New Zealand’s pavilion at the 2016 Venice Architecture Biennale is titled ‘Future Islands’. Led by creative director Charles Walker, the exhibition is set to inspire and engage.
Island of memory, island of longing, island of prospect and refuge, island of hospitality, (un)natural island, island of making and unmaking, emerging island, re/claimed island, and the last island — these are the nine islands of New Zealand’s exhibition at the Venice Architecture Biennale in 2016.
Lyrical and evocative, Future Islands sets out to establish New Zealand as innovative, creative, forward-thinking and bold.
It is a story about New Zealand, but a conceptual connection to Venice is at its heart. The exhibition’s structure is derived from Italo Calvino’s Invisible Cities, a book framed around a conversation about cities and life between Marco Polo and the Mongol Emperor Kublai Khan. Over nine chapters, the famous Venetian explorer recounts tales of 55 wondrous cities he has seen, the conceit being that all the stories are fictional descriptions of Venice.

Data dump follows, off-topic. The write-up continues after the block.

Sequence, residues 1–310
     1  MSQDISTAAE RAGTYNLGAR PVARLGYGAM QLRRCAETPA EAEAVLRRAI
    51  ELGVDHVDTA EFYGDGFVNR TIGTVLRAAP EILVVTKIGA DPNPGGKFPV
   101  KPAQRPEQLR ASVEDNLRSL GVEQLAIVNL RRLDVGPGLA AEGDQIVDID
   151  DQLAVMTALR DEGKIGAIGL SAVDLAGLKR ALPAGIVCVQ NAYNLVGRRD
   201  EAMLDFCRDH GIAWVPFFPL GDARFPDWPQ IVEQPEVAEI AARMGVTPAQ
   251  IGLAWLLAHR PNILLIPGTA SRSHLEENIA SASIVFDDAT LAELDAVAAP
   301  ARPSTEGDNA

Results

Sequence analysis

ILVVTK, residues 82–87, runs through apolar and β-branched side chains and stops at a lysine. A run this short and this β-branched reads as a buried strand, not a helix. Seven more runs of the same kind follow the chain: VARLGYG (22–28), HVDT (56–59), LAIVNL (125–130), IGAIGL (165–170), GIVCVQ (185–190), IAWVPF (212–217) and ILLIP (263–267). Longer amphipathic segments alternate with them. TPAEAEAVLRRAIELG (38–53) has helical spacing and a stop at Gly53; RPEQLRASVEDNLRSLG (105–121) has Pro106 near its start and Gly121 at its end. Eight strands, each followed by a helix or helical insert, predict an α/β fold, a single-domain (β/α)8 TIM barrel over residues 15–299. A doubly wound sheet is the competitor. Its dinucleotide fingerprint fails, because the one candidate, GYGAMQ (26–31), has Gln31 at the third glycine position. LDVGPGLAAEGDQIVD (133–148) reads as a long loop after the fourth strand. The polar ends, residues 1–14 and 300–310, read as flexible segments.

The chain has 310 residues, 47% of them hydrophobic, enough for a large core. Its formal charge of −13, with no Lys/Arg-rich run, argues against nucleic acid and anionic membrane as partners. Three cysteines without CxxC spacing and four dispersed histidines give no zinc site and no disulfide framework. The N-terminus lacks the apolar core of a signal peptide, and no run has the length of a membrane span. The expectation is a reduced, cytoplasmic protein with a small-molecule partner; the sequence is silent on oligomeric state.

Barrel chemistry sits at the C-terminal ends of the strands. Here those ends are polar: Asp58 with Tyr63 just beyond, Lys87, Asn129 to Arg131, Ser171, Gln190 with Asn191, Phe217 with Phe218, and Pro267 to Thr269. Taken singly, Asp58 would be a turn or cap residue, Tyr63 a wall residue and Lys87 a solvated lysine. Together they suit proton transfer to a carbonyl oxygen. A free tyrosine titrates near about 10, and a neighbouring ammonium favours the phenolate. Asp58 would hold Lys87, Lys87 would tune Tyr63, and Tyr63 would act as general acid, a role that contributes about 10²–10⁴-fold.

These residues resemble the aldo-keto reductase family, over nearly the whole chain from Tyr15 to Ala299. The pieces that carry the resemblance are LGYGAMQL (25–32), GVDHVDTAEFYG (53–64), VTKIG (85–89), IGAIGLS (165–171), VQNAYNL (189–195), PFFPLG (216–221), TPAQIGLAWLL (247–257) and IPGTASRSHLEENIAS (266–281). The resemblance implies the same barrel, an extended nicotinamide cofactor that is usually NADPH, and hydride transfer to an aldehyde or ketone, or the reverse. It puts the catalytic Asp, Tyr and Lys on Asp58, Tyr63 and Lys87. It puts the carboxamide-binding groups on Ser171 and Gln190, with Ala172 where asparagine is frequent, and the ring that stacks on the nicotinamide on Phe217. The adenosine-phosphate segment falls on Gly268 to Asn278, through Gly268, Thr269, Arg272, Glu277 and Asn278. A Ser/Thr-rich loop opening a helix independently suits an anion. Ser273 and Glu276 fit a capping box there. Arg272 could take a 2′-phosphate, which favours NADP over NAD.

As a response to Calvino’s 55 ‘cities’, Future Islands will feature 55 architectural projects, deployed on nine ‘islands’ — multiple representations of New Zealand and its evolution within global networks.
The exhibition’s creative director is Charles Walker, associate professor in AUT University’s Faculty of Design and Creative Technologies and director of Colab, AUT’s multi-disciplinary research institution. “Islands have always provided real sites for different ways of living, and imaginary sites for possible ways of living differently,” Walker says. “They have inspired romantic and utopian narratives, and they have always been, literally, places of discovery.